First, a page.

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David Lau, Ashkenazi Chief Rabbi of Israel. (Sean Gallup/Getty Images)

In the wake of the brutal murder of Arab teenager Muhammad Abu Khdeir in Jerusalem, allegedly committed by Jewish extremists, Israeli politicians, pundits and even former terror victims have expressed their shock and outrage at the killing. And so have some of the Jewish state’s most prominent rabbis. At a meeting of the Chief Rabbinate Council yesterday, Ashkenazi Chief Rabbi David Lau condemned the crime, saying bluntly, “This is not the way of the Torah.” Lau’s counterpart, Sephardic Chief Rabbi Yitzhak Yosef, planned a personal visit to the Khdeir family, where he said he wished “to fiercely denounce the outrageous murder that was perpetrated against the innocent young man.” The visit was cancelled due to security concerns over his safety, and so Yosef released a public statement calling his fellow clergy to account: “We as religious leaders need to lead forward with a conciliatory message in order to prevent continued pain and bereavement, so that no one else is harmed.”

Other rabbis have answered this call. Rabbi Amnon Bazak of Yeshivat Har Etzion–a school located where three Jewish teenagers were kidnapped and murdered earlier this month–wrote on Facebook that “It is incumbent upon the religious Zionist world to draw a clear red line, especially for the youth, and say: no more! The Torah of Israel and any understanding of the cruel murder of an innocent boy are an utter contradiction that cannot be countenanced in any way.” Noting that some had attempted to justify the killing, Bazak said that “the religious community must remove these individuals once and for all from the legitimate discourse.”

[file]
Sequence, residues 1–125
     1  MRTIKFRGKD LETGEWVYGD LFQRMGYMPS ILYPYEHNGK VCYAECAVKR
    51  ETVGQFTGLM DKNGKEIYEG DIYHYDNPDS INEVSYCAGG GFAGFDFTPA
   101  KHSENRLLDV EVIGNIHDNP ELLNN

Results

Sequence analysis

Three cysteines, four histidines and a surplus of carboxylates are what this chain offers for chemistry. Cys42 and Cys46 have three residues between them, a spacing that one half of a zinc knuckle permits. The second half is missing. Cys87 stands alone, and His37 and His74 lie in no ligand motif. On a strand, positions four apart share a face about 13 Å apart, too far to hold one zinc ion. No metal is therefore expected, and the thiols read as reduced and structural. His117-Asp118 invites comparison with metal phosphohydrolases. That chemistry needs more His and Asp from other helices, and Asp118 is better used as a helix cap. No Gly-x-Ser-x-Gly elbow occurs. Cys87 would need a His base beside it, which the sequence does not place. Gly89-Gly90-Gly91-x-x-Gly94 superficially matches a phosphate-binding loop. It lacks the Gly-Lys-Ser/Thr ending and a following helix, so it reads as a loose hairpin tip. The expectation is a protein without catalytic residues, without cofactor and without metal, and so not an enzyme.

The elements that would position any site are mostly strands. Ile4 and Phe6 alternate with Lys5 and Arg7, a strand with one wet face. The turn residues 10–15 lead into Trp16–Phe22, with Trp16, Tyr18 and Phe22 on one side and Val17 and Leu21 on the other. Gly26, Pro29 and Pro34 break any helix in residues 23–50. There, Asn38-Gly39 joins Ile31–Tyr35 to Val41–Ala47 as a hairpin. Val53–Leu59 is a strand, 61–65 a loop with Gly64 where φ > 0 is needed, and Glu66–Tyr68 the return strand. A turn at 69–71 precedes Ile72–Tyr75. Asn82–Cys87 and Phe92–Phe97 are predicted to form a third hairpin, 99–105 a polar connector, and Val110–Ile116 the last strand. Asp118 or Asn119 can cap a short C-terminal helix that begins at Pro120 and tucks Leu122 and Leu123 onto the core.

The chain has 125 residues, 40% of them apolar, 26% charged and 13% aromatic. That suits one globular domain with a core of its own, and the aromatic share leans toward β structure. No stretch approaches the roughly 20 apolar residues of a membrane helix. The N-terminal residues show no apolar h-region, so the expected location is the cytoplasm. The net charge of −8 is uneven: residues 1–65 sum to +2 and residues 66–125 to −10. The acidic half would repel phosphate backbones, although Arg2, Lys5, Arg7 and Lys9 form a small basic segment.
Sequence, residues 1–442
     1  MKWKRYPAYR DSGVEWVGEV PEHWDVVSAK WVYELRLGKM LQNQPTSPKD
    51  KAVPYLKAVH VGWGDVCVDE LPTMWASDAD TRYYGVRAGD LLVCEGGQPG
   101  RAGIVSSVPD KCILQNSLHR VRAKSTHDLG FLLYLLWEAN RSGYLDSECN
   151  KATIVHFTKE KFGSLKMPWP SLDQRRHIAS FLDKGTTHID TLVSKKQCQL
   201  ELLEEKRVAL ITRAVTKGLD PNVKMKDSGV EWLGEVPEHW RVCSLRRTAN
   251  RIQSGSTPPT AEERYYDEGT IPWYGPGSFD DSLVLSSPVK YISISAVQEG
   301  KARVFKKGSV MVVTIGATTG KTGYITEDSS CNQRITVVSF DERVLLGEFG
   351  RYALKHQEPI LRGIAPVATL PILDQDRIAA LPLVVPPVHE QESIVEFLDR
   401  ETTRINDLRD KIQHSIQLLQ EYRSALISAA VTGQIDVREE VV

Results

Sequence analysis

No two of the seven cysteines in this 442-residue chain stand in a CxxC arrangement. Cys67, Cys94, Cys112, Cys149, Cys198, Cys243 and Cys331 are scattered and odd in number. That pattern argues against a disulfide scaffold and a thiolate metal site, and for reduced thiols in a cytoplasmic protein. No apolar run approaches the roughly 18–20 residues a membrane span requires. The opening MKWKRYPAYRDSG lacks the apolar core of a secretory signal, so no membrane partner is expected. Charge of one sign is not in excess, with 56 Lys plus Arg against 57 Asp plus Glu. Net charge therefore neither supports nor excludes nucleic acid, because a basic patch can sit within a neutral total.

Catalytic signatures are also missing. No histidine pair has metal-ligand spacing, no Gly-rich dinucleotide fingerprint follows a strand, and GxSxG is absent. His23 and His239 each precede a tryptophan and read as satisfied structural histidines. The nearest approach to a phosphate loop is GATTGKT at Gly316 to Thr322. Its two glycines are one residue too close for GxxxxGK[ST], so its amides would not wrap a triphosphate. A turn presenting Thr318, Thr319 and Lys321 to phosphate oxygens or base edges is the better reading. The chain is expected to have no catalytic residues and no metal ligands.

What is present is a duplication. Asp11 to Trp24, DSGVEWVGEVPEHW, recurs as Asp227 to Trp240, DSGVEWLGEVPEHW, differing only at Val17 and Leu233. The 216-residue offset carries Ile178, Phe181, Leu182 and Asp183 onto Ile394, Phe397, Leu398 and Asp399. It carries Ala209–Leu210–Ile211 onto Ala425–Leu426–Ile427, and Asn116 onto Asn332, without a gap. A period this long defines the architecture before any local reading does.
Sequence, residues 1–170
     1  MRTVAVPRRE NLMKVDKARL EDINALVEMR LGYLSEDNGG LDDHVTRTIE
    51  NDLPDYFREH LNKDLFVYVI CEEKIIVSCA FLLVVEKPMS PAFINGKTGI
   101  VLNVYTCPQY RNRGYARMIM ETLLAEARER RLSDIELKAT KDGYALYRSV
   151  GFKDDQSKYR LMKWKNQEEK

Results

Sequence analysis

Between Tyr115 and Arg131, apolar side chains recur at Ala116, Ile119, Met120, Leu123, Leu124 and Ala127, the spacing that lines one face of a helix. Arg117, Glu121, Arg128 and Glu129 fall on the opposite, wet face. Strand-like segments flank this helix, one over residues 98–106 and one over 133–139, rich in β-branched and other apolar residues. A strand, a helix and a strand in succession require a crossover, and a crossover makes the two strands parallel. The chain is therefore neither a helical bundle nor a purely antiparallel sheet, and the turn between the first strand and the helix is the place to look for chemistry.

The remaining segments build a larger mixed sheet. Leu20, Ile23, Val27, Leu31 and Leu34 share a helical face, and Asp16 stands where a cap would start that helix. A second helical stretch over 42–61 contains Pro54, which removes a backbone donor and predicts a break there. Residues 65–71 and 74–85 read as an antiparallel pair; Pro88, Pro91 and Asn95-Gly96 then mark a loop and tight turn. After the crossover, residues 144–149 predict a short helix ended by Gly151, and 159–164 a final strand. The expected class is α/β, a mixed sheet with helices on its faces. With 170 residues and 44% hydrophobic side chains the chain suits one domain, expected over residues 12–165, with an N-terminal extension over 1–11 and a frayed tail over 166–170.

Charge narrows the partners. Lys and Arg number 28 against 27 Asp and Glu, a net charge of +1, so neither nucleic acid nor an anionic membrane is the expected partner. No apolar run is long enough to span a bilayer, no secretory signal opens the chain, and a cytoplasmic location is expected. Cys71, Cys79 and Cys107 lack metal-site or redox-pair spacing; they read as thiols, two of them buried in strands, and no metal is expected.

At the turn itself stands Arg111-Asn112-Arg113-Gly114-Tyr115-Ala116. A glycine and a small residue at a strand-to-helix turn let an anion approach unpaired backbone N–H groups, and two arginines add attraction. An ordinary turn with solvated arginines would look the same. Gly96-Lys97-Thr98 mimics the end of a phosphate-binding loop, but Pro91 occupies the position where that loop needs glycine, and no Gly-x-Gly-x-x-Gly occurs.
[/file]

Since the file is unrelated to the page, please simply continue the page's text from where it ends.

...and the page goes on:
Rabbi Dr. Benny Lau of Beit Morasha and the Israel Democracy Institute also spoke out forcefully against the murder and called on Israelis to grapple with the hate that led to it. At an anti-racism rally, he made reference to how Khdeir was kidnapped while on his way home from prayers: “Now there is a Palestinian teenager who rose every morning to pray but now is no longer,” he said. “We should say his name in our prayers.” Later, in a Facebook post yesterday that has since garnered over 1,500 likes, Lau wrote that “the murder of the teen Muhammad obligates us all to search our souls and fast in penitence.”

Perhaps the most strident statement came from Rabbi Elyakim Levanon, one of the leading settler rabbis in the West Bank, who called for the Jewish killers of Khdeir to be subject to the death penalty. (Israel does not administer capital punishment, except in cases of Nazis and their collaborators.) “There is an obligation to give them the death penalty,” he told Israeli media, “in order to fulfill the [biblical] command of ‘you shall eradicate the evil from your midst.'”

At the same time, the Jerusalem Post reported that the Barkai Center for Practical Rabbinics, which trains communal rabbis across the country, called on synagogue rabbis to emphasize to their congregations that “revenge has absolutely no place in Judaism and that there there is no such thing as murder in the name of God.”

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